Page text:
Novartis Institutes for Biomedical Research, Boston, United States
    Competing interests
    No competing interests declared.
  14. Robert Schlegel

    Novartis Institutes for Biomedical Research, Boston, United States
    Competing interests
    No competing interests declared.
  15. Michael J Eck

    Dana-Farber Cancer Institute, Boston, United States
    Competing interests
    No competing interests declared.
  16. Nathanael S Gray

    Dana-Farber Cancer Institute, Boston, United States
    Competing interests
    No competing interests declared.
  17. Timothy J Mitchison

    Harvard Medical School, Boston, United States
    Competing interests
    No competing interests declared.
  18. Jean J Zhao

    Dana-Farber Cancer Institute, Boston, United States
    For correspondence
    jean_zhao@dfci.harvard.edu
    Competing interests
    Jean J Zhao, YW, YL, AH, JZ are inventors on a patent based on some of the work described here. AH, JM, LL, RS, FS are employees of Novartis Pharmaceuticals. The other authors declare that no competing interests.

Ethics

Animal experimentation: This study was conducted in accordance with the animal use guidelines from the National Institutes of Health and with protocols (#02-127, #06-034) approved by the Dana-Farber Cancer Institute Animal Care and Use Committee.

Reviewing Editor

  1. Louis Staudt, National Cancer Institute, United States

Publication history

  1. Received: October 23, 2013
  2. Accepted: May 16, 2014
  3. Accepted Manuscript published: May 20, 2014 (version 1)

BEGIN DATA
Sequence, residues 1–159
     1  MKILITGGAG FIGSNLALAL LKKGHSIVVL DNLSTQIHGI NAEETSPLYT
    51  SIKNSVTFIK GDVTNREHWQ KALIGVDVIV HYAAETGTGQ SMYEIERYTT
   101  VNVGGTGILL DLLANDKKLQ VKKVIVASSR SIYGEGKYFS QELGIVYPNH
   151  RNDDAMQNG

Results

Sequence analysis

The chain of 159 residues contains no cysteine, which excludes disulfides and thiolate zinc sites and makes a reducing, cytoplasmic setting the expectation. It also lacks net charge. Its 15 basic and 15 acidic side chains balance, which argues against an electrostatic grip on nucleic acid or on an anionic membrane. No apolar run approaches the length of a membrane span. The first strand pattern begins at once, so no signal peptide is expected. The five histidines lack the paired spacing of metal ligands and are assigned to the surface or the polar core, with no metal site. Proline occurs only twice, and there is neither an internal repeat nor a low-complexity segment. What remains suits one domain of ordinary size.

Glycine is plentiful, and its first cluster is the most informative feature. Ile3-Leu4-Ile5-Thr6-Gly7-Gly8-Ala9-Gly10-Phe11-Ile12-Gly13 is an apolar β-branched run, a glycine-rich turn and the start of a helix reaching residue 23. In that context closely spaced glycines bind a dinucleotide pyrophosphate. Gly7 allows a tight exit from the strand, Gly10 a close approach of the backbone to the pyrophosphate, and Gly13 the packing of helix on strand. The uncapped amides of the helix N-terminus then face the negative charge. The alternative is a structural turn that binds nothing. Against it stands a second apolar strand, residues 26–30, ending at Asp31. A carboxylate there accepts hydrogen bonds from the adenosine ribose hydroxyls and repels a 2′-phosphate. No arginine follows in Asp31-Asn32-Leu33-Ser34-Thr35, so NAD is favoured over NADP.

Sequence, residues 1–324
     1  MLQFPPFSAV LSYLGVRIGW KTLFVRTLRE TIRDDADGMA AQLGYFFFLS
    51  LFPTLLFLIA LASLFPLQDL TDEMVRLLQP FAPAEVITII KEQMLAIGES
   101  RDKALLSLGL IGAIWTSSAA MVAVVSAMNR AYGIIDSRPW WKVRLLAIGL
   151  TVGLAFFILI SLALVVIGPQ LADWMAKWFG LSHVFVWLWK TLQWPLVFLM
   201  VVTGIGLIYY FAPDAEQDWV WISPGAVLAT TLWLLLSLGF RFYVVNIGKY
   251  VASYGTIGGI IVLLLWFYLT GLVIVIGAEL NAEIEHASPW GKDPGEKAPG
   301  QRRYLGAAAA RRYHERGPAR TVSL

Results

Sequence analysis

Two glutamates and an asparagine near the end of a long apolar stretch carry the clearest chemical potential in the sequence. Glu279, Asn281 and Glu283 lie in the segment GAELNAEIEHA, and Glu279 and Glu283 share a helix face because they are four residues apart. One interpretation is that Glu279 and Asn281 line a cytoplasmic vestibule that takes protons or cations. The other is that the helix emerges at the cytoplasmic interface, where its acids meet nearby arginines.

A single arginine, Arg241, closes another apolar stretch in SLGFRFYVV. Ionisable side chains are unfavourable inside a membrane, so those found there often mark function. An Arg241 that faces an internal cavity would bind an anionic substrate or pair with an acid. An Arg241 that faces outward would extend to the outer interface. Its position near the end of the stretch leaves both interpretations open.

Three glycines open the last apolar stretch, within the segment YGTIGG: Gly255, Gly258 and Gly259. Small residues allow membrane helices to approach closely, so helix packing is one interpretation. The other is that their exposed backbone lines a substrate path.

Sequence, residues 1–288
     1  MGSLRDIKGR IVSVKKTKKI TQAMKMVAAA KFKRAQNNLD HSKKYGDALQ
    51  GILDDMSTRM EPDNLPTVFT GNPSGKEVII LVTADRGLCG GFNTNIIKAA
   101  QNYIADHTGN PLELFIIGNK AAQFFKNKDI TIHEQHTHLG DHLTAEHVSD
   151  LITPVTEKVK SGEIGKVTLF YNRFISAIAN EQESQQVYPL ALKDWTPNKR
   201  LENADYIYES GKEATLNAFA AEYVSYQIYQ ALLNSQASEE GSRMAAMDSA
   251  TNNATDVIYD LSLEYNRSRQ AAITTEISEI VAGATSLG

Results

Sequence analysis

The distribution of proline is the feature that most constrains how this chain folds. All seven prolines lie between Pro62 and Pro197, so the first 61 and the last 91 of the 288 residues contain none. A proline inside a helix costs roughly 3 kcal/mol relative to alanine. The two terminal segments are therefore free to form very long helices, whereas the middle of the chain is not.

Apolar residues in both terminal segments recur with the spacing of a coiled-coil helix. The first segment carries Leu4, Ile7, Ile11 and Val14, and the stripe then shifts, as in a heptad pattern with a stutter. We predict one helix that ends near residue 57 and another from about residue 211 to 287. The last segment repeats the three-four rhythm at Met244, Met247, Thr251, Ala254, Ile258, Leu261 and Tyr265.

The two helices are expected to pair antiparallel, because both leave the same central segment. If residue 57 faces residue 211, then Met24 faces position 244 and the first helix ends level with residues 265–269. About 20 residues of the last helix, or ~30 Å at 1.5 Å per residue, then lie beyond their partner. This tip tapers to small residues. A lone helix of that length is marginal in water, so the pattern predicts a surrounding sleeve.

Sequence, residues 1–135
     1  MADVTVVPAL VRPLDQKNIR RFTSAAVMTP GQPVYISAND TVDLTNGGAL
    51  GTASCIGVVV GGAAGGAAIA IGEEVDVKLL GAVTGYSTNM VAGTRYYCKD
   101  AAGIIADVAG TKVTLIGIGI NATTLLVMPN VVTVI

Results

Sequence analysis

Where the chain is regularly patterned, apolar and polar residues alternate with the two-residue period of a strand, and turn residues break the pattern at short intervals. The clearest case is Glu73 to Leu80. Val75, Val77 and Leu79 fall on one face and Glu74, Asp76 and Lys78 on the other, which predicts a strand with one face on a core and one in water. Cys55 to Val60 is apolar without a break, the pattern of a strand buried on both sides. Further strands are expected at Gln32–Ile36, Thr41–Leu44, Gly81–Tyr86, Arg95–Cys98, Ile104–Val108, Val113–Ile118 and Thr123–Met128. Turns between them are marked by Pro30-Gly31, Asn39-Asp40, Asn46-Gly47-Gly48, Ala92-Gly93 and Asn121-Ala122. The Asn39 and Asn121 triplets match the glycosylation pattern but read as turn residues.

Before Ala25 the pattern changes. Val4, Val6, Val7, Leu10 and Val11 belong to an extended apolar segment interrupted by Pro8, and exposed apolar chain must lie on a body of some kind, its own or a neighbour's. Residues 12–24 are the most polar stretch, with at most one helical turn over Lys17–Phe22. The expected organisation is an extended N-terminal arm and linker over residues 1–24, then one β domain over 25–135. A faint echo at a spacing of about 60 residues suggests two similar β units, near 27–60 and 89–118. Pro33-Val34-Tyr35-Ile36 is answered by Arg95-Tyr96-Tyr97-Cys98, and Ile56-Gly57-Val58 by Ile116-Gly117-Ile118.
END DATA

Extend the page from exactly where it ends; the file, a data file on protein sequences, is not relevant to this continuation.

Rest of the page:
4. Version of Record published: June 17, 2014 (version 2)

Copyright

© 2014, Wang et al.

This article is distributed under the terms of the Creative Commons Attribution License permitting unrestricted use and redistribution provided that the original author and source are credited.

Metrics

  • 5,890
    Page views
  • 738
    Downloads
  • 46
    Citations

Article citation count generated by polling the highest count across the following sources: Scopus, PubMed Central, Crossref.

Download links

A two-part list of links to download the article, or parts of the article, in various formats.

Downloads (link to download the article as PDF)

Download citations (links to download the citations from this article in formats compatible with various reference manager tools)

Open citations (links to open the citations from this article in various online reference manager services)

Further reading

    1. Cancer Biology
    Ann Lin et al.
    Short Report

    The Maternal Embryonic Leucine Zipper Kinase (MELK) has been reported to be a genetic dependency in several cancer types. MELK RNAi and small-molecule inhibitors of MELK block the proliferation of various cancer cell lines, and MELK knockdown has been described as particularly effective against the highly-aggressive basal/triple-negative subtype of breast cancer. Based on these preclinical results, the MELK inhibitor OTS167 is currently being tested as a novel chemotherapy agent in several clinical trials. Here, we report that mutagenizing MELK with CRISPR/Cas9 has no effect on the fitness of basal breast cancer cell lines or cell lines from six other cancer types. Cells that harbor null mutations in MELK exhibit wild-type doubling times, cytokinesis, and anchorage-independent growth. Furthermore, MELK-knockout lines remain sensitive to OTS167, suggesting that this drug blocks cell division through an off-target mechanism. In total, our results undermine the rationale for a series of current clinical trials and provide an experimental approach for the use of CRISPR/Cas9 in preclinical target validation that can be broadly applied.